This Is Why Cops Need Body Cameras

FILE - In this Jan. 15, 2014 file photo a Los Angeles Police officer wears an on-body camera during a demonstration in Los Angeles. An agreement with Boston's largest police union to have 100 officers wear body cameras was praised as a step toward greater accountability. But with the Sept. 1, 2016, rollout date for the pilot program approaching, not a single officer had volunteered to wear one. (AP Photo/Damian Dovarganes, File)

Over the past few years there have been several high profile police shooting cases, some real and some concocted by the Obama administration’s allies as part of their ongoing attack on police everywhere. From these events has arisen a drive to make body cams a mandatory item for police officers. Some police unions are actively fighting the use of body cams. The argument I’ve heard against it from friends who are in law enforcement is that the cameras can’t record what the officer is thinking and can present a distorted view of reality. I understand that argument but I find it a lot less than persuasive. Because for every cop who “might” have trouble explaining how their thought processes worked in relation to a video there is at least one case like this where a person is beaten or killed for no good reason:



Walter Scott shooting from The Post and Courier on Vimeo.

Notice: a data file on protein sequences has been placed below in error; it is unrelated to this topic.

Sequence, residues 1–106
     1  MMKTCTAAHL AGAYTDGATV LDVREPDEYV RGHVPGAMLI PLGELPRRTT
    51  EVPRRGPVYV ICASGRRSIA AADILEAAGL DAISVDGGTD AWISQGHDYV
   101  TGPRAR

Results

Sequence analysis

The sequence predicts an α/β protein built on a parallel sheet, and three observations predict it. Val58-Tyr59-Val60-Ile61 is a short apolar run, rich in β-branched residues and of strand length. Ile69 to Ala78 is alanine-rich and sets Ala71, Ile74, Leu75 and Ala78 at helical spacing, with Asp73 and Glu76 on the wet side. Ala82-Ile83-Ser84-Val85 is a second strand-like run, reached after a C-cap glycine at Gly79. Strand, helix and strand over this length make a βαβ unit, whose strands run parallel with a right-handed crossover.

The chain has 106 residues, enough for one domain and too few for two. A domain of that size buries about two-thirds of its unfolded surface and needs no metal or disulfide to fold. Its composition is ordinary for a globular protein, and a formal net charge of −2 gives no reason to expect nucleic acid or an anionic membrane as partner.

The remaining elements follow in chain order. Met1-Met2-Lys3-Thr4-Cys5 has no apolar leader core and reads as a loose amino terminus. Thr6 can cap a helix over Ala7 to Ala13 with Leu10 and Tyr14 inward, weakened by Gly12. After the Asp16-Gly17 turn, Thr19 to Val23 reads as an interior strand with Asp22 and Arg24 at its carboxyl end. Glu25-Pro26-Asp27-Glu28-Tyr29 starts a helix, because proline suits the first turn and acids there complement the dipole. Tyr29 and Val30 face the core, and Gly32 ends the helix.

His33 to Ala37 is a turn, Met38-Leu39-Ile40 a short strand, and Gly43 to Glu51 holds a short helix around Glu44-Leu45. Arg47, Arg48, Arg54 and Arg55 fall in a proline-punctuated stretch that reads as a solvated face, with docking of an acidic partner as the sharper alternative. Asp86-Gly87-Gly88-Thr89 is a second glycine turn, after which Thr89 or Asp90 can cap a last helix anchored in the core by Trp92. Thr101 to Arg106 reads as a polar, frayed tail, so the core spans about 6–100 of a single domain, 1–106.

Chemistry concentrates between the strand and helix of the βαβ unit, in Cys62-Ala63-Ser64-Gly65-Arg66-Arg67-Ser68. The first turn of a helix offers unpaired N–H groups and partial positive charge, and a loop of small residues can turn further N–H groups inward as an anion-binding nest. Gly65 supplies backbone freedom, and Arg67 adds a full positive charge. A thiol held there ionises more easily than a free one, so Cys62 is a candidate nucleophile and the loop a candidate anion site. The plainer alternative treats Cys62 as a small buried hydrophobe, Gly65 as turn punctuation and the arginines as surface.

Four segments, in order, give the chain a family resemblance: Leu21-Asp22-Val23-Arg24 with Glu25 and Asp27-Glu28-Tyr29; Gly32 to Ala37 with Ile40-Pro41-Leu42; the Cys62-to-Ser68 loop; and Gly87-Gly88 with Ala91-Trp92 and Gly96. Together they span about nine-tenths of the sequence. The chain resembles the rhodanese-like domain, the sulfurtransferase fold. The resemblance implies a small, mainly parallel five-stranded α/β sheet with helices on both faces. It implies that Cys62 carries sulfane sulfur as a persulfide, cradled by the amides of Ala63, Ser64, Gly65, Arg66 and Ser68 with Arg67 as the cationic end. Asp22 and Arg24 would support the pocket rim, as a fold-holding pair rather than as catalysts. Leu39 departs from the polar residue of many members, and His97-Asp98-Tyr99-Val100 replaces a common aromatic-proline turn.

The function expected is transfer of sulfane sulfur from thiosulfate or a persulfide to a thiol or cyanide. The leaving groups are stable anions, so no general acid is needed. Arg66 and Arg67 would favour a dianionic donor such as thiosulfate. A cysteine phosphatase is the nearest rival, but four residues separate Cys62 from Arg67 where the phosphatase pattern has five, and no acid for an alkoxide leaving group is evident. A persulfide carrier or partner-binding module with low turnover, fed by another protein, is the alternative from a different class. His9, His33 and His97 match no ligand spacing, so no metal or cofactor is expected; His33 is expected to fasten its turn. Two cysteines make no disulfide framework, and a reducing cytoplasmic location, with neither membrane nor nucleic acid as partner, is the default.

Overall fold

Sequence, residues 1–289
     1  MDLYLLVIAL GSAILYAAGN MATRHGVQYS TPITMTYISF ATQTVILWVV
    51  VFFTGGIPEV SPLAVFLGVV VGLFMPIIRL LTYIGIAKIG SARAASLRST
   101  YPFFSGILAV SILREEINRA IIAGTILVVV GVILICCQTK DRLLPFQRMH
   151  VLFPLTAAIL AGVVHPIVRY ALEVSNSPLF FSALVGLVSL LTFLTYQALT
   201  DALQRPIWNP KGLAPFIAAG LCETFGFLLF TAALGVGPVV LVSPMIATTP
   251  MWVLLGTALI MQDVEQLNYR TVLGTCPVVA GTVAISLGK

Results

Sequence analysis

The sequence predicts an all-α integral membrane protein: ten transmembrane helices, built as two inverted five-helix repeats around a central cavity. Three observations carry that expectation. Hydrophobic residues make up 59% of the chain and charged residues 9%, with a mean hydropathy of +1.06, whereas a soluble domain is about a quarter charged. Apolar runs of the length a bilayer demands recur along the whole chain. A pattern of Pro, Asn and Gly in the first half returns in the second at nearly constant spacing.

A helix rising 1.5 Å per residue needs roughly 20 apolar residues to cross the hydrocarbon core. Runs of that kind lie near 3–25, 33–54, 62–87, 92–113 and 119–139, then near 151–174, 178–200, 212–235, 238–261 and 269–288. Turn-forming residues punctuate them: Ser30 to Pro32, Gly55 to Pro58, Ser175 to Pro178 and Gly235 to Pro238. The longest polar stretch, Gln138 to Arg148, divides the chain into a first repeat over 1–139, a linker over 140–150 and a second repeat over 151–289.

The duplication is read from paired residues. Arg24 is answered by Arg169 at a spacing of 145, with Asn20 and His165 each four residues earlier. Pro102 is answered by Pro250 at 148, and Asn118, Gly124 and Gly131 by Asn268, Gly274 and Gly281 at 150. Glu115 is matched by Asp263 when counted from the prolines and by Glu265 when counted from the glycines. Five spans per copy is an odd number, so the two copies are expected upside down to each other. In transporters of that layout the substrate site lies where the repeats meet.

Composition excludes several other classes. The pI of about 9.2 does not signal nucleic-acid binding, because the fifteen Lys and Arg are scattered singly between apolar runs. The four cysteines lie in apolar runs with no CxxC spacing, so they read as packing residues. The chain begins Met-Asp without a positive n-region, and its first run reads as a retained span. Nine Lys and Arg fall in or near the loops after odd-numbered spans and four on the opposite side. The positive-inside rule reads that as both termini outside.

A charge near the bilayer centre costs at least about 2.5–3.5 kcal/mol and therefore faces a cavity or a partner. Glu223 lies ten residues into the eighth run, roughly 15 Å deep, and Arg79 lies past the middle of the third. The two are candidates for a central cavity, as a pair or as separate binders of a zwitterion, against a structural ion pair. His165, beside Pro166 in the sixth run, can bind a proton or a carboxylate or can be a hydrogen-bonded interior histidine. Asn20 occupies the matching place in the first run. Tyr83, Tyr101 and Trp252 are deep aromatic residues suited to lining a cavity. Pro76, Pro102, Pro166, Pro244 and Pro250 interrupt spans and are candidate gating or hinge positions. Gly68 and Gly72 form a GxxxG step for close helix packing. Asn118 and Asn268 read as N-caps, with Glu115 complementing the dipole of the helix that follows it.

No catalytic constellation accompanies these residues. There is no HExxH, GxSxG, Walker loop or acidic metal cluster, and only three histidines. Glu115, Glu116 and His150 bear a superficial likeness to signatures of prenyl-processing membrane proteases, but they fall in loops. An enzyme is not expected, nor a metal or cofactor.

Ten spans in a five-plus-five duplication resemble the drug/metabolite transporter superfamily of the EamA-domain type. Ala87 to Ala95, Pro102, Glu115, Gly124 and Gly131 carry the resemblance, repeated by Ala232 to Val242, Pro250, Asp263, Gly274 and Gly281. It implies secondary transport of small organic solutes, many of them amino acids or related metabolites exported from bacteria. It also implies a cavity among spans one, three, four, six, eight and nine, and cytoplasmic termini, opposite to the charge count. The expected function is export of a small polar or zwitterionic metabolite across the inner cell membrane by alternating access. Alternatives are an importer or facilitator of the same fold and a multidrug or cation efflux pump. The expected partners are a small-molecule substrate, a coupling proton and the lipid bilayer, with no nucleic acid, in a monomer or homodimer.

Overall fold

But this week a body cam prevented more #BLM hysteria in Baltimore.

A Baltimore detective was following, yes, following, a car in West Baltimore (which is pretty much where The Wire was filmed) when one of the occupants jumped out and started running away. The detective gave chase. The runner pulled a pistol, the detective shot him. As it turned out the dead man was 18-year-old Curtis Deal. He was pending THIRTEEN firearms and drug charges he had accumulated since January 4, but was free on $250,000 unsecured bond. Thirteen firearms and drug charges within thirty days and he was basically free on his own recognizance.

This is the video.

The slow-motion action picks up at 0:54. [note: the Daily Mail video is no longer compatible with our version of WordPress.}

This is the result:

Police Commissioner Kevin Davis said the shooting was justified and praised Kincaid for his bravery, the Baltimore Sun reported.

And in the wake of the teen’s death, questions were raised about why Deal – who had been arrested three times on gun or drug charges in the previous month – was out on the street.

‘It shows dysfunction, I believe, in our criminal justice system,’ said Mayor Catherine Pugh. ‘People who have those many gun charges probably should not be on our streets.’


Had this video not been available it doesn’t take a genius to see how the story would have played out. White cop. Predominantly black neighborhood. Poor black “child.” Shot without provocation. Gun planted on his body. Police brutality. Trump to blame. Rent-a-riot participants would have been on the way before Deal reached room temperature. The detective, instead of being commended by the police chief and the mayor wondering aloud what the hell the judge was thinking, would have been facing a fairly hostile investigation by the same prosecutor’s office that handled the failed Freddy Gray trials and would have probably been out to redeem itself in the eyes of “the community.”

As we get more and more experience with both police car dash cams and with body cams it is getting harder and harder to argue that opposition to them is much more than an excuse to cover for bad cops.



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